IDA P.
      9 June 2020 @ 06:05
      FED QE is very different from ECB QE, the first one worked in that it recapitalized the banks, the ECB one didn't work, the banks have bounced this week but are at record lows in general. QE makes everyone think that solvency problems are solved, they are not. The problem I can't figure out is: maybe the FED knows that there will be no jobs and so is trying to turn everyone into day traders? or maybe they are really trying to collapse the dollar by 30%? maybe they won't succeed but I really wonder what the FED thinks when they see Warren Buffett punished for evaluating risk and gamblers and moral hazard awarded
  • CM
    Cory M.
    8 June 2020 @ 22:45
    One of the GREATEST INTERVIEWS EVER. And I appreciate the little subtitle which explains the acronym.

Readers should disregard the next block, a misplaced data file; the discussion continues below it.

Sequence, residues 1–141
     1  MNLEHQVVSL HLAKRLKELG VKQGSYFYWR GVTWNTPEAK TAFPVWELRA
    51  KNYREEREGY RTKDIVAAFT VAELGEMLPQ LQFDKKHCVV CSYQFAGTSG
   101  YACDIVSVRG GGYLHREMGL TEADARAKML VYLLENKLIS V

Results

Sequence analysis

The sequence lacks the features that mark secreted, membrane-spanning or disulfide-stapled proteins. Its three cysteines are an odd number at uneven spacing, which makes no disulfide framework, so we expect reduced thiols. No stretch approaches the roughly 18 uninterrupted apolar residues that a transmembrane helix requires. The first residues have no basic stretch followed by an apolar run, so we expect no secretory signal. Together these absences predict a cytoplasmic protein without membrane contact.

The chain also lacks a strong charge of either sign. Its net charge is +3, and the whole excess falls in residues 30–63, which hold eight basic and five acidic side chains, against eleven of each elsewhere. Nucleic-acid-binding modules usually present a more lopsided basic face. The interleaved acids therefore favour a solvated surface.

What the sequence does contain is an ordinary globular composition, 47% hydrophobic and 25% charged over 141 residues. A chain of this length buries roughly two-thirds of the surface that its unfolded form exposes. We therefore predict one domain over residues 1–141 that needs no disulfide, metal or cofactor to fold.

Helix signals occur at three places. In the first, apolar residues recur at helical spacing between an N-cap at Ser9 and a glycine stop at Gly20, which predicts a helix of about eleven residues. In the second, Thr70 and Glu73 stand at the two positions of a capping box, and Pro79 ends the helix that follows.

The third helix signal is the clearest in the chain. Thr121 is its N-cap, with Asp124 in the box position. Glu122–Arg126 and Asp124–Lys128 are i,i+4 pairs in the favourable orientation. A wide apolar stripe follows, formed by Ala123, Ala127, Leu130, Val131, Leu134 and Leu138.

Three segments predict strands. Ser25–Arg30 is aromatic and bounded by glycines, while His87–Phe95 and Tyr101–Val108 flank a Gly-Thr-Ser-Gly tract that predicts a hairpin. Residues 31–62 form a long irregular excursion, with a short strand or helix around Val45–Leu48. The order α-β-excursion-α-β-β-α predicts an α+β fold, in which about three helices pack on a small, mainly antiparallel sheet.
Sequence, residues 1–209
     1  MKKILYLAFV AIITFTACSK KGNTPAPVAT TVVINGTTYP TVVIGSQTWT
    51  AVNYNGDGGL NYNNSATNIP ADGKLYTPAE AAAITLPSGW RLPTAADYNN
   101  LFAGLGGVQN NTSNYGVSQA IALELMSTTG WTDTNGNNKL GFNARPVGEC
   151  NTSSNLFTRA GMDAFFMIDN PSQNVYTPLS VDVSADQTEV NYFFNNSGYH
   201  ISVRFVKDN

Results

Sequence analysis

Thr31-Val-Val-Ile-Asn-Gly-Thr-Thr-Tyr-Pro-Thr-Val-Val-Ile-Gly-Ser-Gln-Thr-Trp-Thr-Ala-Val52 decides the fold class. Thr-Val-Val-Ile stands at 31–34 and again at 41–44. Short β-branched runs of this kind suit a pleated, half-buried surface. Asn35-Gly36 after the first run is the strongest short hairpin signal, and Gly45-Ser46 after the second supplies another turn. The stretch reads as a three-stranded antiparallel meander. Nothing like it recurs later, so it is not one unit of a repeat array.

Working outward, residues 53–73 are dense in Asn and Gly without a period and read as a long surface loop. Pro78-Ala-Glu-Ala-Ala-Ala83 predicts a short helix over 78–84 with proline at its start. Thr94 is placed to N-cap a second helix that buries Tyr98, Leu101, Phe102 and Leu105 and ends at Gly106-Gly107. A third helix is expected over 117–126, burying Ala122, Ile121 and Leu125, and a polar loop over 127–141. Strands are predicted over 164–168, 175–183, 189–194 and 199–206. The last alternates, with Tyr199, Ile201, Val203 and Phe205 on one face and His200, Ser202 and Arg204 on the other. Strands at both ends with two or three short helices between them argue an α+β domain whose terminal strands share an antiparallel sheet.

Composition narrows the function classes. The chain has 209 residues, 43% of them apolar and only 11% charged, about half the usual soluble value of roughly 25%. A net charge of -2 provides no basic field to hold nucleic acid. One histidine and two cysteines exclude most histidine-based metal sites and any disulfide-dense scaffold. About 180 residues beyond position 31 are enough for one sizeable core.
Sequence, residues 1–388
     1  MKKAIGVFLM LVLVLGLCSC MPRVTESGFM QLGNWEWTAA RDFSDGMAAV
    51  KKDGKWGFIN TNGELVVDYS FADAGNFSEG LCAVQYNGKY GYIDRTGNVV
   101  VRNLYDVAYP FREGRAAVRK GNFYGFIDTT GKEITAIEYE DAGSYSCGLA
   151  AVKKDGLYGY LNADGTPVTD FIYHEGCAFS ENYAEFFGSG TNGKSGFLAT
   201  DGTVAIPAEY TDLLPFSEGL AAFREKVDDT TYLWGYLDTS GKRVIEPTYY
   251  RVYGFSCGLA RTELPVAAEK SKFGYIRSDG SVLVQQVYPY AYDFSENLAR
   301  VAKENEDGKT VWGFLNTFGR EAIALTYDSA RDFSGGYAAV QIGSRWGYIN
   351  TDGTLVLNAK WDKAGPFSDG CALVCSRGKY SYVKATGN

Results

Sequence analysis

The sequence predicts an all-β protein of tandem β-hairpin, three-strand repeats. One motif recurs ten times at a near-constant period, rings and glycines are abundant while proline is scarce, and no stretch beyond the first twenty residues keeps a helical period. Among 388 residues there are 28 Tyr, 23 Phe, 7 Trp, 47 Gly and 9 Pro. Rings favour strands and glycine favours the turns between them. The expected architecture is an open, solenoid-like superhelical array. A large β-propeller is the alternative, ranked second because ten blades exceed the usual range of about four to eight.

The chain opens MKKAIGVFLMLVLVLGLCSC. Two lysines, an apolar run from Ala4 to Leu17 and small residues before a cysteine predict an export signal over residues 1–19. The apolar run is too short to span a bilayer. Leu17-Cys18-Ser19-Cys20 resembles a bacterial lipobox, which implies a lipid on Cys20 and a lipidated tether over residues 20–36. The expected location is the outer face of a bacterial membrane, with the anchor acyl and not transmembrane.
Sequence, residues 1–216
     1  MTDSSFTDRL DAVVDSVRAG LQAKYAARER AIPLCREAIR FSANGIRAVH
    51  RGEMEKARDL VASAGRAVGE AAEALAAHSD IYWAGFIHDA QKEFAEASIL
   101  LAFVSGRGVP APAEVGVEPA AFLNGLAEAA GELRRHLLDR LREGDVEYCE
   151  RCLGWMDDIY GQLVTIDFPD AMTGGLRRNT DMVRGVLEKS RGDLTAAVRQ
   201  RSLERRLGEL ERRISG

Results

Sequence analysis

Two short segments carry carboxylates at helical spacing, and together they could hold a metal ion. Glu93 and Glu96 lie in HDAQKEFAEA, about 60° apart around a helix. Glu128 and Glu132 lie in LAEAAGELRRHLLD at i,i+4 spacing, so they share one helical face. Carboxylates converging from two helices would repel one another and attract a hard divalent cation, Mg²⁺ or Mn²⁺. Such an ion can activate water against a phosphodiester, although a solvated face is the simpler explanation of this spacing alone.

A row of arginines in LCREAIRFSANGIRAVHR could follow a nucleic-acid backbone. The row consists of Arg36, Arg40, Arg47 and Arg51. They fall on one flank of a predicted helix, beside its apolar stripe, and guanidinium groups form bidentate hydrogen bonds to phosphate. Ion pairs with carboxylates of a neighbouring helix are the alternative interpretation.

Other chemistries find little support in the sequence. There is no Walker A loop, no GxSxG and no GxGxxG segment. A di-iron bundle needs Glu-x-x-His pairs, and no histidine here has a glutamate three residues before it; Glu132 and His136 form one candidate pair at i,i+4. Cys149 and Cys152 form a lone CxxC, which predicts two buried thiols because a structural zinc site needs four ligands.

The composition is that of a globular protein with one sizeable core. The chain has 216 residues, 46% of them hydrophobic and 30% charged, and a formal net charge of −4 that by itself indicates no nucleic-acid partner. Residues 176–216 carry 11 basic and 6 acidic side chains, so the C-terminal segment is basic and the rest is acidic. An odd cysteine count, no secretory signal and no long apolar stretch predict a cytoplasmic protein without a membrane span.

• DK
      Daniel K.
      9 June 2020 @ 05:17
      Shanti, level of debt in Oz doesn’t preclude fighting inflation with rate increase. But amount of mortgages going under water in such instance would give RBA lots of reason to think twice. Inflation concern seem to be quite low atm, though?
  • IP
    IDA P.
    9 June 2020 @ 05:16
    I love analysts with a sense of humor, he's cool
  • NL
    Nikola L.
    9 June 2020 @ 03:02
    Brazil keeps saving AUD - simple. But if China goes ahead with preventing its tourists and students coming to Australia AUD can sinks real fast down to 50c. And if, at same time, Brazil gets their act together and start increasing Iron Ore production then AUD is the best short ever. But, I still plan to wait if aud gets to 72c before shorting it.